In keeping with the theme of my post for the Hop Against Homophobia and Transphobia, I thought I’d check out a few links about homophobia and share them. Each web site is dedicated to homophobia for LGBT people in one way or another. Though some cover broad territory, they are all working hard to stop homophobia.
What is homophobia?
As defined by ADL, Anti-Defamation League, homophobia is put this way.
Homophobia is the hatred or fear of homosexuals – that is, lesbians and gay men – sometimes leading to acts of violence and expressions of hostility. Homophobia is not confined to any one segment of society, and can be found in people from all walks of life. Organized hate groups have viciously attacked homosexuals and have used especially violent language in attempting to persecute and intimidate them.
This web page gets into more detail, and there’s a link to the ADL main web site at the top of the page where you can read tons of interesting articles. I’m going to link to them on my sidebar as soon as this post is up.
Straight People and Homophobia
This web site, Teaching Tolerance, which is a project of the southern poverty law center, talks about how straight people react to homophobia in various ways…and how it affects them. The site actually list ten different ways, and here’s number six.
6. Homophobia prevents vital information on sex and sexuality to be taught in schools. Without this information, youth are putting themselves at a greater risk for HIV and other STDs.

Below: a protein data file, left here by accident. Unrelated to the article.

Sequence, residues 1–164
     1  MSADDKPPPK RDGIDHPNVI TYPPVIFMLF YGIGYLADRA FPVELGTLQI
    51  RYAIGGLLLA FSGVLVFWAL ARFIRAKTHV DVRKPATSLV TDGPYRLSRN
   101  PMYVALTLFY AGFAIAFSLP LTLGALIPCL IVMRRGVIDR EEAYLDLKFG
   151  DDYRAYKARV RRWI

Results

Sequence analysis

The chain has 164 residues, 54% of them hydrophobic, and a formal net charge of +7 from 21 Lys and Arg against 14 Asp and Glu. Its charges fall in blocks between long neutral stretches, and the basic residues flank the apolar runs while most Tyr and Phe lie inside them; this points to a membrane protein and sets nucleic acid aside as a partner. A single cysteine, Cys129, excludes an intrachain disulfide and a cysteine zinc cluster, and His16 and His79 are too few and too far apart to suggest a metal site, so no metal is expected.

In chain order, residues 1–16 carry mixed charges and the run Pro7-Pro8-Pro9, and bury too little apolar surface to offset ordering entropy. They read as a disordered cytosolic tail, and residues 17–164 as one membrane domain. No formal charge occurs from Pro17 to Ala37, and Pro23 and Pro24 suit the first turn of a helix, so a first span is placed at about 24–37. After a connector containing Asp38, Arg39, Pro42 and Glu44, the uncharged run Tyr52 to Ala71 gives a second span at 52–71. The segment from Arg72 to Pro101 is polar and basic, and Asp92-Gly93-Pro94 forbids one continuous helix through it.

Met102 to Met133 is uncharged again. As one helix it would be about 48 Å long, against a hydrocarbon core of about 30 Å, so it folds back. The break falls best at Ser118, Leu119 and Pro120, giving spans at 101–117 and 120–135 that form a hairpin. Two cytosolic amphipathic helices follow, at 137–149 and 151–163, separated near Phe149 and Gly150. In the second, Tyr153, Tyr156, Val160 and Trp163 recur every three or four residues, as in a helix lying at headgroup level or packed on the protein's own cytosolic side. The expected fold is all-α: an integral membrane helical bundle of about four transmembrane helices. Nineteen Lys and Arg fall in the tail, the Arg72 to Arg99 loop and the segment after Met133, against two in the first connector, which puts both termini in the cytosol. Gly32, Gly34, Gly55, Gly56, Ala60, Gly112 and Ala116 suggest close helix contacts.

This one is actually something I never even considered, but I get it. It makes sense. Due to a lack of information because school officials practice subtle forms of homophobia (and probably don’t even know it; or have their own internalized homophobia, below) most kids aren’t getting the facts about things they need to know. I would imagine some parents are guilty of this as well.
This web site talks about something a little different than what I’ve mentioned so far. It gets into the psychology of shame and homophobia gay people themselves experience. I have talked about this before on the blog. It involves the shame many LGBT people experience because of who they are. We all experience it at one point or another, which is why I think there’s such a huge problem with anxiety and depression within the LGBT community. And sometimes we don’t even realize it consciously.
They talk about what internalized homophobia actually is, and the shame that goes along with it, and then they list a few things from an almost behavioral POV.
1. Aggressive Denial. Some people feel so strongly that they should not be gay that they will repress their feelings and desires and speak out with some of the most hateful and homophobic language you will ever hear. You often see this happen with fundamentalist religious figures, like Ted Haggard. This never ends well. (Usually it ends with a gay sex scandal, talk show appearances and a lot more denial.) This is the worst kind of internalized homophobia because the hateful rhetoric and actions that these “aggressive deniers” exhibit really hurt other gay people and the movement.
We’ve all seen this more than once, and not just with public figures. It’s a fascinating article I think most people who are gay can relate to. When you read that list at least one thing will hit home, trust me.
Once again, all these things above have prompted this Hop Against Homophobia and Transphobia this week, so check out the link above to see what other bloggers are doing. There is also a chance to win prizes where you’ll be provided with links and directions.